Bliss he enjoys who knows not suffering, sorrow nor anxiety, and has prosperity and happiness and a good enough house.

Hail is the whitest of grain; it is whirled from the vault of heaven and is tossed about by gusts of wind and then it melts into water.

Trouble is oppressive to the heart; yet often it proves a source of help and salvation to the children of men, to everyone who heeds it betimes.

Ice is very cold and immeasurably slippery; it glistens as clear as glass and most like to gems; it is a floor wrought by the frost, fair to look upon.

Summer is a joy to men, when God, the holy King of Heaven, suffers the earth to bring forth shining fruits for rich and poor alike.

The yew is a tree with rough bark, hard and fast in the earth, supported by its roots, a guardian of flame and a joy upon an estate.

Peorth is a source of recreation and amusement to the great, where warriors sit blithely together in the banqueting-hall.

The Eolh-sedge is mostly to be found in a marsh; it grows in the water and makes a ghastly wound, covering with blood every warrior who touches it.

The sun is ever a joy in the hopes of seafarers when they journey away over the fishes' bath, until the courser of the deep bears them to land.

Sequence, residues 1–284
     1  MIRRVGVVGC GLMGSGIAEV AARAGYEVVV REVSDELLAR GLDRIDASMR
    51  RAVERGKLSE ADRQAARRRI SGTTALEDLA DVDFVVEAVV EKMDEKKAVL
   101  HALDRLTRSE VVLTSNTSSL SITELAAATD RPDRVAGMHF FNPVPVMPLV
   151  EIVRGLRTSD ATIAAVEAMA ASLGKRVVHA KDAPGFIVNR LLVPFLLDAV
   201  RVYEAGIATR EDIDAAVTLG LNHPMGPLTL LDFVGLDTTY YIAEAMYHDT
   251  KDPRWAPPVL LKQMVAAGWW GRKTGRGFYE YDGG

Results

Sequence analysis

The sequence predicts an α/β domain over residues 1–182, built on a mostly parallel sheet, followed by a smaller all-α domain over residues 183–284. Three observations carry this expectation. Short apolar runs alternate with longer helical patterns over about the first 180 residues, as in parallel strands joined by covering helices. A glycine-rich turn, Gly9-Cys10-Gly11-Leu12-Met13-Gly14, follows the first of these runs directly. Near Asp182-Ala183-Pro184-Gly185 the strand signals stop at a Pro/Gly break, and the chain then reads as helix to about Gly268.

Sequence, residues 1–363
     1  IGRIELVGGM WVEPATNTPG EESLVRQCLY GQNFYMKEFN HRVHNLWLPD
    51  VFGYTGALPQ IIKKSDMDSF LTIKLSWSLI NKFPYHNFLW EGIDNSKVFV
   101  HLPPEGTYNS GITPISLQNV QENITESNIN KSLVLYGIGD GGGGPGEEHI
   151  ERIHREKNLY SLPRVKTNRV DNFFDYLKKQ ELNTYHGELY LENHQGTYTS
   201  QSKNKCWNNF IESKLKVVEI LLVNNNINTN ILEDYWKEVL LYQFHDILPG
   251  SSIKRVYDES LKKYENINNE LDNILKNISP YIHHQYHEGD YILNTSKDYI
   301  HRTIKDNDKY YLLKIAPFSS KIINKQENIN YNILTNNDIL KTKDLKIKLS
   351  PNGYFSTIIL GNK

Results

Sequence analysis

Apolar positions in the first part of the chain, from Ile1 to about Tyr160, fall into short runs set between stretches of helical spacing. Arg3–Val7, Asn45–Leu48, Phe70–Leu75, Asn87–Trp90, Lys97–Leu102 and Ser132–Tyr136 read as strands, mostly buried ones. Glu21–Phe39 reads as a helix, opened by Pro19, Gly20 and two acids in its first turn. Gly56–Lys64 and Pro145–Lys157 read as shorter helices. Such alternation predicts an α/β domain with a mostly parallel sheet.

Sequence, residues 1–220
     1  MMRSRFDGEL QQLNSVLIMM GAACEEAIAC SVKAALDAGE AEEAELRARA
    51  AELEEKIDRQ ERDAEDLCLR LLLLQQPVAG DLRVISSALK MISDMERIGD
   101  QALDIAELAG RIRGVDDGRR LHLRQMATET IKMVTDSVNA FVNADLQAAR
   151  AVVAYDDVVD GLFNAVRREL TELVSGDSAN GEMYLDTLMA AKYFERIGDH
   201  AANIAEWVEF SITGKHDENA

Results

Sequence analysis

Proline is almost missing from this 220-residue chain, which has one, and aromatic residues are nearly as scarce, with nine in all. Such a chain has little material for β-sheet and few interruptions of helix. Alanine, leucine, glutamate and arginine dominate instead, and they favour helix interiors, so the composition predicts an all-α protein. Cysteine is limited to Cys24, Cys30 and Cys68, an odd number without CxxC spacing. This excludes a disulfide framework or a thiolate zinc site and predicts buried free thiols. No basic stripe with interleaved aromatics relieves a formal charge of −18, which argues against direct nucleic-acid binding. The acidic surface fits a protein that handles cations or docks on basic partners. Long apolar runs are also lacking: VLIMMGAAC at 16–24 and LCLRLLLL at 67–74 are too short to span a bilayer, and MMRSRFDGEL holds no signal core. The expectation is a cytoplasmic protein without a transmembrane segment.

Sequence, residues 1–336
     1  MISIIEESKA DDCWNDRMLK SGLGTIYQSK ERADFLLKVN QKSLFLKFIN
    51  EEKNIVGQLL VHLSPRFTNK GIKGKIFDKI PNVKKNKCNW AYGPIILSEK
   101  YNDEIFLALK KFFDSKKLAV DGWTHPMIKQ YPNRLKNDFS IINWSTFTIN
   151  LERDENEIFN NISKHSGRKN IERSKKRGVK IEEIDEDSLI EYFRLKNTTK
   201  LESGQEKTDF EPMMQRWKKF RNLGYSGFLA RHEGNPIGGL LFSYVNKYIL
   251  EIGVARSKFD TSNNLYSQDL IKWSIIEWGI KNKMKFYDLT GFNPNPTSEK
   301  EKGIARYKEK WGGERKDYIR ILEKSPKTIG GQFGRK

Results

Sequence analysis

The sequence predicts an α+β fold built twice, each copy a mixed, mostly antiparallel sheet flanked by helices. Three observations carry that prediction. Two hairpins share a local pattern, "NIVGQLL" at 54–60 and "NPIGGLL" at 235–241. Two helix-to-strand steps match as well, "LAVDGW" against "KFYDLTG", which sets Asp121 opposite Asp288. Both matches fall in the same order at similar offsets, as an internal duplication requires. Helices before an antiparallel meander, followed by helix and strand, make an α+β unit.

Tiw is a guiding star; well does it keep faith with princes; it is ever on its course over the mists of night and never fails.

The poplar bears no fruit; yet without seed it brings forth suckers, for it is generated from its leaves. Splendid are its branches and gloriously adorned its lofty crown which reaches to the skies.

The horse is a joy to princes in the presence of warriors. A steed in the pride of its hoofs, when rich men on horseback bandy words about it; and it is ever a source of comfort to the restless.

The joyous man is dear to his kinsmen; yet every man is doomed to fail his fellow, since the Lord by his decree will commit the vile carrion to the earth.

The ocean seems interminable to men, if they venture on the rolling bark and the waves of the sea terrify them and the courser of the deep heed not its bridle.

Ing was first seen by men among the East-Danes, till, followed by his chariot, he departed eastwards over the waves. So the Heardingas named the hero.

An estate is very dear to every man, if he can enjoy there in his house whatever is right and proper in constant prosperity.

Day, the glorious light of the Creator, is sent by the Lord; it is beloved of men, a source of hope and happiness to rich and poor, and of service to all.

The oak fattens the flesh of pigs for the children of men. Often it traverses the gannet's bath, and the ocean proves whether the oak keeps faith in honourable fashion.

The ash is exceedingly high and precious to men. With its sturdy trunk it offers a stubborn resistance, though attacked by many a man.

Yr is a source of joy and honour to every prince and knight; it looks well on a horse and is a reliable equipment for a journey.

Iar is a river fish and yet it always feeds on land; it has a fair abode encompassed by water, where it lives in happiness.

The grave is horrible to every knight, when the corpse quickly begins to cool and is laid in the bosom of the dark earth. Prosperity declines, happiness passes away and covenants are broken.

The Anglo-Saxon Rune Poem (In Modern English)